2.56 The court also has power to exercise jurisdiction under the Children and Community Services Act 2004 (WA) and so, unlike the federal family courts, it may issue care or protection orders in relation to children.

2.57 The effect of the establishment and expansion of the Family Court of Western Australia has been described as follows:

As it happens, however, Western Australia has followed the federal law closely and its Family Court has administered the [Family Law Act] in conformity with guidelines set out by the Full Court of the Federal Court and by the High Court. There has been full interchange of judges between that court and the Family Court and, to all intents and purposes, the existence of a separate Family Court has not affected the administration of the law under the federal Act.[73]

2.58 Given that Western Australia has kept family law matters within the state, it provides, in some respects, a ‘control jurisdiction’ for a consideration of some of the issues generated by the fragmentation between state and federal jurisdiction in the other states and territories. As remarked by the Family Law Council,

Western Australia is uniquely placed, as the only State Family Court in Australia with a single court for family law matters, to be the first State in Australia to develop and implement a unified Family Law/Child Protection Court to manage all cases involving the welfare of children with the same judicial officers able to determine both public [child protection] and private [parental responsibility and the care arrangements for children] family law matters.[74]

Cross-vesting

One of the most creative and effective schemes for addressing some of the unsatisfactory issues arising out of the constitutional limitations of power between the Commonwealth and the states was the cross-vesting scheme.[75]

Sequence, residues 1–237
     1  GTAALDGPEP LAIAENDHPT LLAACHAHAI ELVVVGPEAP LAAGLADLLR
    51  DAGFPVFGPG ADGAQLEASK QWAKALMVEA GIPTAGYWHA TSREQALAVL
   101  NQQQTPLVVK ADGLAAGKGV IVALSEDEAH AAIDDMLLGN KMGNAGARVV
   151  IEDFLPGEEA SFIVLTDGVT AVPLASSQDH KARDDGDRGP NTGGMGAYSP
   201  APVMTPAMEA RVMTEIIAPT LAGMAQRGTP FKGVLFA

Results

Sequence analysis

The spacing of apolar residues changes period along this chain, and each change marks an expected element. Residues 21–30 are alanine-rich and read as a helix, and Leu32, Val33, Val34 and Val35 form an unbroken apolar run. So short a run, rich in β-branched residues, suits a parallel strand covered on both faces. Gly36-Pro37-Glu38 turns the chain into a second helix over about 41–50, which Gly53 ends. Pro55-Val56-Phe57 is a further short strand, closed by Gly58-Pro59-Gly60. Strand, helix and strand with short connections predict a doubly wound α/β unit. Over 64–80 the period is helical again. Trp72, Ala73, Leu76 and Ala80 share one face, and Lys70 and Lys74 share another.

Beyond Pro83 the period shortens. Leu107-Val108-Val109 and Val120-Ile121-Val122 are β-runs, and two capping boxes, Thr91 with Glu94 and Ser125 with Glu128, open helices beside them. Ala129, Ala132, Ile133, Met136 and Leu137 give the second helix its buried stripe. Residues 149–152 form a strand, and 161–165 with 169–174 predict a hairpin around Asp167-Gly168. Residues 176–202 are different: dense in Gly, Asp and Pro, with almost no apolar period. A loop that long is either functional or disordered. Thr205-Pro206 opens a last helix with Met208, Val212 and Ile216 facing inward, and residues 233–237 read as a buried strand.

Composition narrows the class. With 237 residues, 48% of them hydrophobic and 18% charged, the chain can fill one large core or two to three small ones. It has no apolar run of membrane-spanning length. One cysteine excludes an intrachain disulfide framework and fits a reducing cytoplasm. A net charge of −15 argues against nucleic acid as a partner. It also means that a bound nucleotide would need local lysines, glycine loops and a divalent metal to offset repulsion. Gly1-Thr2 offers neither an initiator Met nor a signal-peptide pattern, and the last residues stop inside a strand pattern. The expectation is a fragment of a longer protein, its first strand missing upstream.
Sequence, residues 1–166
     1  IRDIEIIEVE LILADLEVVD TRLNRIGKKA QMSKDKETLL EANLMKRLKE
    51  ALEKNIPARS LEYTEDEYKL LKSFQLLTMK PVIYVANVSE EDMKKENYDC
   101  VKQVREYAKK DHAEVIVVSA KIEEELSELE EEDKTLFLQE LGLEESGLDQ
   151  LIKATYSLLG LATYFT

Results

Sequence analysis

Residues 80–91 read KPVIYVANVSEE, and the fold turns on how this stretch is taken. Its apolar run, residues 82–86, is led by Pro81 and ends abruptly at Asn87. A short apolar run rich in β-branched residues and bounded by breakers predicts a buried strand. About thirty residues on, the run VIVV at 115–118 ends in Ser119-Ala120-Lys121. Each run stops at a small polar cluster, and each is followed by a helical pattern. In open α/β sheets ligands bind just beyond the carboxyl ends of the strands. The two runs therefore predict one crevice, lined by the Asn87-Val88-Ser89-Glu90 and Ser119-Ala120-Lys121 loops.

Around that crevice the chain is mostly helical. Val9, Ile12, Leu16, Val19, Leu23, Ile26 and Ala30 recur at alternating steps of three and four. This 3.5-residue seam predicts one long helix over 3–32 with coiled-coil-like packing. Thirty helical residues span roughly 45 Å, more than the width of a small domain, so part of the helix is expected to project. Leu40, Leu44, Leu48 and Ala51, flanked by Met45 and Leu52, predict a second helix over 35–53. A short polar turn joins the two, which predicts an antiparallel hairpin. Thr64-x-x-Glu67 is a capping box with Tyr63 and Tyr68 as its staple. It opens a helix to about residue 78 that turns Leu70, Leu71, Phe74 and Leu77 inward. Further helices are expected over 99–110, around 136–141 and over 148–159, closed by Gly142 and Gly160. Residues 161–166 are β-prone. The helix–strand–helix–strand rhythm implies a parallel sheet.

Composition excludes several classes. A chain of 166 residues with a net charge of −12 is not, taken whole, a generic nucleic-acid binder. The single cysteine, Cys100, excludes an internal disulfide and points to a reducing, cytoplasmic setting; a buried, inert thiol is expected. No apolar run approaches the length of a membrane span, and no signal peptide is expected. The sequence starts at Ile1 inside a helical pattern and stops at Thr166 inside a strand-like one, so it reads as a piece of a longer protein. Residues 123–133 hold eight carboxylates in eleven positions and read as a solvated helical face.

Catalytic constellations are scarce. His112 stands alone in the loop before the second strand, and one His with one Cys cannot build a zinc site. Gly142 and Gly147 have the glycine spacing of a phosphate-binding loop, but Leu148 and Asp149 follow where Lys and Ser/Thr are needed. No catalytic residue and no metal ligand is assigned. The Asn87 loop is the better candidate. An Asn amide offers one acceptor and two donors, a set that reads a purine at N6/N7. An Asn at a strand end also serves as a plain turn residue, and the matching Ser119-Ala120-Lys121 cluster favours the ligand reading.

2.59 The scheme for cross-vesting was introduced in 1987 by uniform legislation enacted by the Commonwealth together with all the states and territories.[76] The purpose of the uniform scheme—‘as ingenious as it was simple’[77]—was evident in the preamble to the Jurisdiction of Courts (Cross-vesting) Act 1987 (Cth):

WHEREAS inconvenience and expense have occasionally been caused to litigants by jurisdictional limitations in federal, State and Territory courts, and whereas it is desirable—

(a) to establish a system of cross-vesting of jurisdiction between those courts, without detracting from the existing jurisdiction of any court;

(b) to structure the system in such a way as to ensure as far as practicable that proceedings concerning matters which, apart from this Act and any law of a State relating to cross-vesting of jurisdiction, would be entirely or substantially within the jurisdiction (other than any accrued jurisdiction) of the Federal Court or the Family Court or the jurisdiction of a Supreme Court of a State or Territory are instituted and determined in that court, whilst providing for the determination by one court of federal and State matters in appropriate cases; and

(c) if a proceeding is instituted in a court that is not the appropriate court, to provide a system under which the proceeding will be transferred to the appropriate court.

2.60 The Explanatory Memorandum accompanying the federal Bill articulated the hope ‘that no action will fail in a court through lack of jurisdiction, and that as far as possible no court will have to determine the boundaries between federal, state and territory jurisdiction’.[78] State and territory Supreme Courts were vested with federal jurisdiction; federal courts were vested with the full jurisdiction of state and territory Supreme Courts; and from 1988–1999, the scheme ‘overcame constitutional deadlocks that used to bedevil the Family Court’s jurisdiction’.[79]